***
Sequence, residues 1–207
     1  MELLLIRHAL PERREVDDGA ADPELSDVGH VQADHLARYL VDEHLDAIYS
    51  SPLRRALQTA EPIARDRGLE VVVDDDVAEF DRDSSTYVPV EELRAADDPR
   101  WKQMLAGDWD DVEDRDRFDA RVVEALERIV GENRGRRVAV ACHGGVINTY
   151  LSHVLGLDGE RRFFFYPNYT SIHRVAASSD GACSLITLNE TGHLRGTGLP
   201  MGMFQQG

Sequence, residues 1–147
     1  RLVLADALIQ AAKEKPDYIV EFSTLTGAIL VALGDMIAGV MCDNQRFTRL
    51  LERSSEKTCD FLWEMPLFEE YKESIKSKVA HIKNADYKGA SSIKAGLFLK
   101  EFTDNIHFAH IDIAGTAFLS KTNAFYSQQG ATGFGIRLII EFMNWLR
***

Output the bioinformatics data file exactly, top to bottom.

Sequence, residues 1–207
     1  MELLLIRHAL PERREVDDGA ADPELSDVGH VQADHLARYL VDEHLDAIYS
    51  SPLRRALQTA EPIARDRGLE VVVDDDVAEF DRDSSTYVPV EELRAADDPR
   101  WKQMLAGDWD DVEDRDRFDA RVVEALERIV GENRGRRVAV ACHGGVINTY
   151  LSHVLGLDGE RRFFFYPNYT SIHRVAASSD GACSLITLNE TGHLRGTGLP
   201  MGMFQQG

Sequence, residues 1–147
     1  RLVLADALIQ AAKEKPDYIV EFSTLTGAIL VALGDMIAGV MCDNQRFTRL
    51  LERSSEKTCD FLWEMPLFEE YKESIKSKVA HIKNADYKGA SSIKAGLFLK
   101  EFTDNIHFAH IDIAGTAFLS KTNAFYSQQG ATGFGIRLII EFMNWLR